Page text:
In late August, the former head of cybersecurity at Twitter, Peiter “Mudge” Zatko, filed claims with three federal agencies stating that during his tenure at Twitter, he witnessed “egregious deficiencies, negligence and willful ignorance” concerning the platform’s security protocols.
He alleged that the company misled users, regulators, and even its own board. He also claims the government of India forced the company to employ one of its agents as a spy. The company, of course, denies the claims, but Zatko’s whistleblowing has thrown big tech cybersecurity further into the spotlight.
Twitter’s History of Compromised Security
Zatko was hired to head Twitter’s cybersecurity department following a 2020 hack in which several celebrity accounts were compromised. An investigation into the hack revealed that contractors with access to Twitter’s back-end had been spying on celebrities for years, reading their private messages and tracking their locations.
The previous year, investigators discovered that two former Twitter employees in America were acting on behalf of the Saudi Arabian government and accessing information on Saudi critics via Twitter’s internal tools. One employee was convicted last month of acting as an unregistered agent of the Saudi government.
Also that year, Twitter mistakenly used the phone numbers and email addresses provided for two-factor identification for ad targeting.
Twitter Is Not Alone
Twitter is not the only big tech platform to suffer security incidents—not by a long shot.
In 2021, personal data of more than 530 million Facebook users was leaked online. In 2019, a cybersecurity expert discovered that Facebook stored millions of user passwords in plain text that thousands of employees could access. There were several other security breaches that year, including the exposure of the personal data of 267 million users on the dark web.
Instagram, YouTube, and TikTok have all had their fair share of compromises, including a leak of 235 million profiles from all three.
Three Major Threats to Data Safety Today
The question of data breaches is not if they will occur, but when they will occur. This is especially true for big tech platforms, since they hold so much information and have so much at stake. There are several issues when it comes to corporate cybersecurity:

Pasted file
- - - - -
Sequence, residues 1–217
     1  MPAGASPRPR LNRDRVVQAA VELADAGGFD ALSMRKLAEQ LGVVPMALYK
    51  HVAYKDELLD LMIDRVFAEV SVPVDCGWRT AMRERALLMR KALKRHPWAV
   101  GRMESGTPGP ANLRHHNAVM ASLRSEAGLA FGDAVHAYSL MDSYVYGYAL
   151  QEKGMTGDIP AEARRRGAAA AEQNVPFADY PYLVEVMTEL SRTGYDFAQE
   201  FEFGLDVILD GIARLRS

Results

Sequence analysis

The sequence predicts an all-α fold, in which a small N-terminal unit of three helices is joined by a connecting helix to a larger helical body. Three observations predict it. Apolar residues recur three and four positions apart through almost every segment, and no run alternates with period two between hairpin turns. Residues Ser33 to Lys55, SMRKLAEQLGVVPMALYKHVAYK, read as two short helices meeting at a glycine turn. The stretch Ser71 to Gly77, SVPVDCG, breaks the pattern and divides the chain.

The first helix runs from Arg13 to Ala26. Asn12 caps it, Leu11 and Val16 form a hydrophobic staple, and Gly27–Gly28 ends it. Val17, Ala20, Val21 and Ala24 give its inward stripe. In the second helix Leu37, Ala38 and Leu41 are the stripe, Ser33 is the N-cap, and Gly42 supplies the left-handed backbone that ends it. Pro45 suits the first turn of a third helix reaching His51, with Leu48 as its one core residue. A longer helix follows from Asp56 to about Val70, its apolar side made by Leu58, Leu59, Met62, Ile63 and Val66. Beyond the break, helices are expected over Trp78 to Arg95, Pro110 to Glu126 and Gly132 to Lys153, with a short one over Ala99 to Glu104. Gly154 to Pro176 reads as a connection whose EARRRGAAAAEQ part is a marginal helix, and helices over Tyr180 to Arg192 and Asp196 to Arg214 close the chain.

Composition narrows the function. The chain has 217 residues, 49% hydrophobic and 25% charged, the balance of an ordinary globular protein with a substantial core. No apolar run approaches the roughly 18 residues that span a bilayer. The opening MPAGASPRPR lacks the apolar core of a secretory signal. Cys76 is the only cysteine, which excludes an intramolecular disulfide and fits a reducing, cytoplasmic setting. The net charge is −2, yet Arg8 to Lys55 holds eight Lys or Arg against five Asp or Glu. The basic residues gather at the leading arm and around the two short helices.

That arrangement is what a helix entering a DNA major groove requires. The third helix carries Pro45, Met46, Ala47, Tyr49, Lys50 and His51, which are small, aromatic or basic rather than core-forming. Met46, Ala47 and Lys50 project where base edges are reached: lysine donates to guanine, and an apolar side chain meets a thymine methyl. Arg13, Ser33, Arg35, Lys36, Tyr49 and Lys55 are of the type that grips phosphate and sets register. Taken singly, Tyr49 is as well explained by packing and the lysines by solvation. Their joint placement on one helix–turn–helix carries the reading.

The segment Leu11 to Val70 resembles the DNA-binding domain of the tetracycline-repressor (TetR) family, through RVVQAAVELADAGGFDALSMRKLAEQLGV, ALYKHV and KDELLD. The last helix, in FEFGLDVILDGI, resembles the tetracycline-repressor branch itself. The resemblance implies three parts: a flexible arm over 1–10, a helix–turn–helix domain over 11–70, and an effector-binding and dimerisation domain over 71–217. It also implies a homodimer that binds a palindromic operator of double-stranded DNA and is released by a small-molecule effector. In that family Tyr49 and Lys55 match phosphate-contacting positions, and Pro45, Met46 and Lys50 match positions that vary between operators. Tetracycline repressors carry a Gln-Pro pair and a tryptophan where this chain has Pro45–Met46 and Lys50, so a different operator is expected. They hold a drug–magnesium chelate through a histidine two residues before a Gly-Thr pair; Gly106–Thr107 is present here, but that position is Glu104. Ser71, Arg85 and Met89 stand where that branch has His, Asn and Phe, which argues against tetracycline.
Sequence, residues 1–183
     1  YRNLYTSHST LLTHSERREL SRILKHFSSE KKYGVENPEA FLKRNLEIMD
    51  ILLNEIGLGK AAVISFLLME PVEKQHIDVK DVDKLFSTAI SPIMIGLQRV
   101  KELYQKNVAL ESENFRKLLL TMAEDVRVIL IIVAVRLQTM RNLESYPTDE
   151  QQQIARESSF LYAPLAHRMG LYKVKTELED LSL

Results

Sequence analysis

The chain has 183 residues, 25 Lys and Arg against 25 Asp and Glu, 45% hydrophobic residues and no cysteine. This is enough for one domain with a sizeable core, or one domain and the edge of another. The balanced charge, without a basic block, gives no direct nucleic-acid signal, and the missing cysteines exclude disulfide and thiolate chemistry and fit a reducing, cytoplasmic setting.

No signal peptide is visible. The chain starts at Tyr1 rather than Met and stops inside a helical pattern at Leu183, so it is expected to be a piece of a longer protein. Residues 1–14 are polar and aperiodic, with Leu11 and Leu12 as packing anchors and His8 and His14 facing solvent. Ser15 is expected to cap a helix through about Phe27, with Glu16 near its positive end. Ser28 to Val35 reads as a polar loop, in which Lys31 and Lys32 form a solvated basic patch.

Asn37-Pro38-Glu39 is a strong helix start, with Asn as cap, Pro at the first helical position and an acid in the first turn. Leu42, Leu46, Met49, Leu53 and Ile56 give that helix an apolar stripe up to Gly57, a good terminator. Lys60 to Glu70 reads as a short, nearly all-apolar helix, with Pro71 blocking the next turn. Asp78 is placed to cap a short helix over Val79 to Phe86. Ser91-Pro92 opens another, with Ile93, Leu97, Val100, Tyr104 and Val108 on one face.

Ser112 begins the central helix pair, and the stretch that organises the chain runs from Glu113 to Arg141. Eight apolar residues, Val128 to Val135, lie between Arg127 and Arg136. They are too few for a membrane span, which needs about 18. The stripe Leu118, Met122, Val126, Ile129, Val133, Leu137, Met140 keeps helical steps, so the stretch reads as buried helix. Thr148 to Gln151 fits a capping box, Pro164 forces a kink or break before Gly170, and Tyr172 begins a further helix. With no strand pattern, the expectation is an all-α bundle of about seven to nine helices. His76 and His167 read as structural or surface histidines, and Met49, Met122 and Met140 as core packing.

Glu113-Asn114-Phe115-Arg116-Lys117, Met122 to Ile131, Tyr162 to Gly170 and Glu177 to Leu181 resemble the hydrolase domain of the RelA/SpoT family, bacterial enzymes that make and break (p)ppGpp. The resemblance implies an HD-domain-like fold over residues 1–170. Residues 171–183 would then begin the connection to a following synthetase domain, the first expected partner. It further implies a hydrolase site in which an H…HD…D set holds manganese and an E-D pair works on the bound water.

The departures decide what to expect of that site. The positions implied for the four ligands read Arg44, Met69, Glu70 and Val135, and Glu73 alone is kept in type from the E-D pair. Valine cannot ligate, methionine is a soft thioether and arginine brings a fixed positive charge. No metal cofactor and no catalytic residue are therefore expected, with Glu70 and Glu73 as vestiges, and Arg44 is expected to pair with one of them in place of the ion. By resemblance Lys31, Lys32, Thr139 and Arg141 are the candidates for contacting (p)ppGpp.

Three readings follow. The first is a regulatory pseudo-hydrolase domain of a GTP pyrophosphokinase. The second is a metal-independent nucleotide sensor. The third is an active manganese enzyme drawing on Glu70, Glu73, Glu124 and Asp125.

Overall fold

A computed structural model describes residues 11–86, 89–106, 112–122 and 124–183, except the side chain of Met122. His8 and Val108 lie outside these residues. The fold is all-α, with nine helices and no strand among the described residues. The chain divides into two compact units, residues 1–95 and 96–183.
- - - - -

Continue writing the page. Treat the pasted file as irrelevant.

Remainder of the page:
● Insider threats from state and non-state actors
● Overconfidence in the company’s cybersecurity
● No federal regulations for reporting breach incidents
The Twitter scandal is a case in point for all the above challenges. Employing a state actor of a foreign government, executive misconduct, and misleading the board and regulators have all made appearances in Zatko’s report.
Regulations Are on the Way
The issue of federal regulations is being addressed by the SEC (U.S. Securities and Exchange Commission), which has proposed new cybersecurity reporting requirements. New standards will lay out time requirements for event reporting and cybersecurity policies and procedures, including informing investors so they understand the risk and strategy.
While new regulations are not often well-received, the greater goal is to help companies protect themselves properly, even better than they require of themselves. If big tech platforms have been breached numerous times, there is no telling how a data breach could damage small to mid-sized companies.
Of course, it is not enough to rely on reporting regulations—companies need to beware of malicious actors within and without their ranks and overconfidence in their existing security protocols.
Intefor’s Cyber Risk and Technology team helps companies and governments monitor and implement sophisticated tactics to prevent data breaches and other cyber threats. Our Enhanced Due Diligence department can be discreet when looking into employees who are suspected of being foreign state actors. Whatever your security and intelligence needs are, Interfor can meet them.